Friday, July 25, 2014

Angle of Repose - Wallace Stegner

Angle of Repose
The best part about reading through the Modern Library 100 Best Novels list remains the masterpieces I come across that would be unlikely to have crossed my path otherwise. Perhaps someday, while accomplishing a future goal of reading all the Pulitzer Prize winners, I would have come to it. However, since the goal of reading all the Pulitzers stemmed from this challenge in the first place, I still have to credit Modern Library for bringing Wallace Stegner to my attention.

The book, which did win the prestigious award in 1972, loosely follows the life of writer and illustrator Mary Hallock Foote. Stegner, who has actually been accused of plagiarism, copied large sections of her letters to use in the book. He did, however, claim to have permission from her family to do so.

In the novel, East Coast Quaker Susan Burling strikes up a romance with mining engineer Oliver Ward. The two marry and proceed to move all around the western frontier as Oliver's career carries them about. The book covers their life together and times apart, including the relationships they build and the three children they have.

What makes the story unique is Stegner's narrator. Lyman Ward lives in the late 1960s. A retired history professor, he is now an amputee and slowly dying of a "petrifying" disease. He is divorced and has one son, who does not seem to bring him any particular joy during his visits. Rather, Lyman has chosen to spend his last years telling the story of his grandparents, Susan and Oliver. He recounts their narrative and embellishes where he deems necessary. His sources are the multitude of letters written between the East and the West over the many years of the Wards' life.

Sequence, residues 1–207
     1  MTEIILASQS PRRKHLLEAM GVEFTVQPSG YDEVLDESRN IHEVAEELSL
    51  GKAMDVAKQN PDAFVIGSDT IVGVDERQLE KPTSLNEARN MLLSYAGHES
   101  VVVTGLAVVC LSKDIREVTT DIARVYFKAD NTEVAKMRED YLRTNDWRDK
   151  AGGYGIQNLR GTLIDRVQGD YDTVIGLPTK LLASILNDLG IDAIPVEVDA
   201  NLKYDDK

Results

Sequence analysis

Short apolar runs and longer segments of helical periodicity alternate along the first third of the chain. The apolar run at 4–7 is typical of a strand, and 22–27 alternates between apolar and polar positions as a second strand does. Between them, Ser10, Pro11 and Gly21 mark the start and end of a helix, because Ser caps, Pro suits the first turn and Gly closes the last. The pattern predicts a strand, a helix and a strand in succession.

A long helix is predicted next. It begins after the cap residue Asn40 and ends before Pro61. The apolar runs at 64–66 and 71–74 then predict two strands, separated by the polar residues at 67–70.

Steger, through Lyman, tells the story beautifully. The detail and tenderness with which Lyman presents his grandparents is touching. He pulls no punches, but he shows great care as well. He obviously revered them, both in life and death. Having Lyman's circumstances and opinions interjected gave the book an interesting twist, as well.

I found the passages about the Wards' homes across the Western frontier to be my favorite parts. Stegner describes the landscapes around them in such a way that I was reminded of L.M. Montgomery's treatments of Prince Edward Island. Stegner makes you long that you could go back and see the beauty of the wild, untamed land. That, coming from a girl who no intention of ever camping or 'roughing it' again in her life.

Part of the beauty of the novel lies in Stegner's transparent look at marriage and the sacrifices therein. Oliver and Susan do not have an easy go of things. Their marriage faces challenges that, though they may have been more commonplace at the time, are nearly practically foreign to most modern readers. Both make choices that painfully put the other first and both make selfish choices as well. Having been married almost two years now (practically an eternity, I realize), I felt that Stegner displayed the joys and heartaches of the relationship with poignant accuracy. Marriage is hard work (cliché, but true) and offers both great rewards and great burdens for that work.

It is easy to understand why Modern Library selected this book for its list. I can easily claim it as one of my favorites thus far in the challenge. It is also easy to see why San Francisco Chronicle readers voted it #1 novel written about the West. I have not read a lot of novels about the West, but I can't imagine anyone portraying that part of the world with more skilled reverence.

Pages: 569
Date Completed: June 28, 2014

No comments:

Post a Comment